Accessing relations of a table with inheritance

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accessingtable
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I'm trying to implement a database that has inheritance between some tables, there is three tables involved in the question problem: Customers, Users and Addresses (actually there is more tables involved, but with the same problem, so..).,I assume that you're using PostgreSQL table inheritance which, unfortunately, doesn't work quite as we would expect. In particular, although records from child tables appear in selects from parent table, they are not physically recorded there, and thus their ids can't be used in foreign keys referencing parent tables.,So My problem is that I want that table 'Customers' to has the same relationship that 'Users' has with 'Addresses', cause Customers is inherits from it. I also try to insert data to 'Addresses' with an ID from 'Customers', but this give an foreign key constraint violation, the value doesn't exists in table "myDb.users" error,The Customers table inherits from Users table, and the Users table has a relationship with the Addresses table (1 to many, respectively).

You may consider implementing inheritance using classic approach:

CREATE TABLE Users(id INT PRIMARY KEY, user_property INT);
CREATE TABLE Customers(id INT PRIMARY KEY REFERENCES Users, customer_property INT);
CREATE TABLE Addresses(user_id INT REFERENCES Users, address TEXT);
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88%

When designing a database, we sometimes come across situations where there are multiple types of entities that we are modeling, but we'd like them to all have certain attributes or relations in common. Using "sub-type" tables is a simple way to implement table inheritance in SQL Server.,If we want to output a "Type" column (Student, Teacher, Parent) when querying the People table, we must outer join to all the 3 "sub-tables" and determine if any matching rows exist., Notice that we cannot add teacher information for Bob, since he is a student: , So, everything works beautifully. We have our base table, we have our sub-tables, and the inheritance allows us to work with the different entities all the same way, but to also treat each of them specifically on their own as necessary.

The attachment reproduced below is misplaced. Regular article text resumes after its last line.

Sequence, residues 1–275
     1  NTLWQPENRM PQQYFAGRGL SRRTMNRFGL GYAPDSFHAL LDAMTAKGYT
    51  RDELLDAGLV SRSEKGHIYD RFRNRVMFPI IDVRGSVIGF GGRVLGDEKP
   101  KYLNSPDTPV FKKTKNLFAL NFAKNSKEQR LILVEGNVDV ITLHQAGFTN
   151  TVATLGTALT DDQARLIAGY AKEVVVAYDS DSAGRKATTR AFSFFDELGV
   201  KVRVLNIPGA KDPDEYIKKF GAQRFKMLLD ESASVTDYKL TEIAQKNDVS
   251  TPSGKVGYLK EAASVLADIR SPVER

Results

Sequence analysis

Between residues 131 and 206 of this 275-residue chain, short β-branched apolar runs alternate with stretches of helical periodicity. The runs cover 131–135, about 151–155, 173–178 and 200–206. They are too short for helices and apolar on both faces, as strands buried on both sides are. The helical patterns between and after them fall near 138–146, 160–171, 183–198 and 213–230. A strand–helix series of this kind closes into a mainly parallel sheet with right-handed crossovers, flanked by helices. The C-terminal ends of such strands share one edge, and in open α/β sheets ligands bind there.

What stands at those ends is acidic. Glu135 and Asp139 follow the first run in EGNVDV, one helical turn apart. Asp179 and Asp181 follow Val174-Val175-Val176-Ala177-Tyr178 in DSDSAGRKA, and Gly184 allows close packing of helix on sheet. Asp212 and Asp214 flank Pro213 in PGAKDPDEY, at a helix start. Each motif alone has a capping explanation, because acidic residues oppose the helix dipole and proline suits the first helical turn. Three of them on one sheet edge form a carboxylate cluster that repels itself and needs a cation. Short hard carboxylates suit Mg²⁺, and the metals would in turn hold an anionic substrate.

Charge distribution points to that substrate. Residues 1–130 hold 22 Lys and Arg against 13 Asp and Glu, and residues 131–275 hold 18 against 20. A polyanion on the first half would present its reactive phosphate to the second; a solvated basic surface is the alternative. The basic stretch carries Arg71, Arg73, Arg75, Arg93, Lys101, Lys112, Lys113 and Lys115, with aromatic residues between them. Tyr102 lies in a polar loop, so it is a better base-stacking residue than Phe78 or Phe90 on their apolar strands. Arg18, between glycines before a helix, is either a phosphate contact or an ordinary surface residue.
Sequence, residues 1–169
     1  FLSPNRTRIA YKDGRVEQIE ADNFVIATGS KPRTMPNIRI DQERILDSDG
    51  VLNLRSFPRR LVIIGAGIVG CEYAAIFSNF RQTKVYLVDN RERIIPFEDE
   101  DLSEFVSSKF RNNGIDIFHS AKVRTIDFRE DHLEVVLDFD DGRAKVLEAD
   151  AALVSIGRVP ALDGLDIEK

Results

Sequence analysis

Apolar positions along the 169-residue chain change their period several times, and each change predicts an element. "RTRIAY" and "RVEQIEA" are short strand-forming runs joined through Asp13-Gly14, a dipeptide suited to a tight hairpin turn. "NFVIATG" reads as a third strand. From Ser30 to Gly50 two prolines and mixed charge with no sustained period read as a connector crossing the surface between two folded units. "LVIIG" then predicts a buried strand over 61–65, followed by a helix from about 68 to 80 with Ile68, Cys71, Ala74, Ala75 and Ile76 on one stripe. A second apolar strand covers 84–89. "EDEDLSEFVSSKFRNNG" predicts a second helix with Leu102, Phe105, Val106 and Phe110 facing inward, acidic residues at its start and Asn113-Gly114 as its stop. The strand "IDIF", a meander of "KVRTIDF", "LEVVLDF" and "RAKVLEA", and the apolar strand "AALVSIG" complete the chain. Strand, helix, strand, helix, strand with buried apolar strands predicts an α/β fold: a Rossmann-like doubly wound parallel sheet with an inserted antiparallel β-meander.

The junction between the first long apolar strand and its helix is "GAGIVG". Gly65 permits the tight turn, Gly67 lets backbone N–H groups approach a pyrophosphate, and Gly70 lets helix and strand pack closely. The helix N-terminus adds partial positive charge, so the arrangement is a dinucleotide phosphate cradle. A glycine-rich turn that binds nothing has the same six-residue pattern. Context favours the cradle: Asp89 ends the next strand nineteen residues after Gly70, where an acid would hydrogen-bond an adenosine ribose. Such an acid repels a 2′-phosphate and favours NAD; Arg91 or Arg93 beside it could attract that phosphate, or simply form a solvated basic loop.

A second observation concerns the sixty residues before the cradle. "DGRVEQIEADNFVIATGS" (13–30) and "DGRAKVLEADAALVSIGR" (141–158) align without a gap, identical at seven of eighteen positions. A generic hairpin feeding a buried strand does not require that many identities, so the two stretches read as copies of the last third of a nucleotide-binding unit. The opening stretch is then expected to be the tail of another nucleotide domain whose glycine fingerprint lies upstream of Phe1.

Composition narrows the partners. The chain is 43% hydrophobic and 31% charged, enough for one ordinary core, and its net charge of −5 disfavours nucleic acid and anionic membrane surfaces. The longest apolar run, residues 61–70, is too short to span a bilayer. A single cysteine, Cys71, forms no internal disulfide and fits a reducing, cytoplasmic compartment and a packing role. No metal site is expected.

That gives us a schema like this:

create table People(PersonID int primary key, Name varchar...etc...)

create table Students(PersonID int primary key references People(PersonID), ...)

create table Teachers(PersonID int primary key references People(PersonID), ...)

create table Parents(PersonID int primary key references People(PersonID), ...)
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The diagram below shows the table client and two views: individual and company:,The diagram below presents two tables, individual and company, and a view (the blue one) called client.,In class Client we distinguish two subtypes: Individual and Company. This specialization is disjoint (client can be an individual or a company) and complete (these are all possible subtypes for supertype).,Access to supertype rows is optimal (it is simple to have a list of all clients, it’s not necessary to make costly joins)

CREATE VIEW individual AS
select id, address, name, surname
from client
where status = 'i';
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65%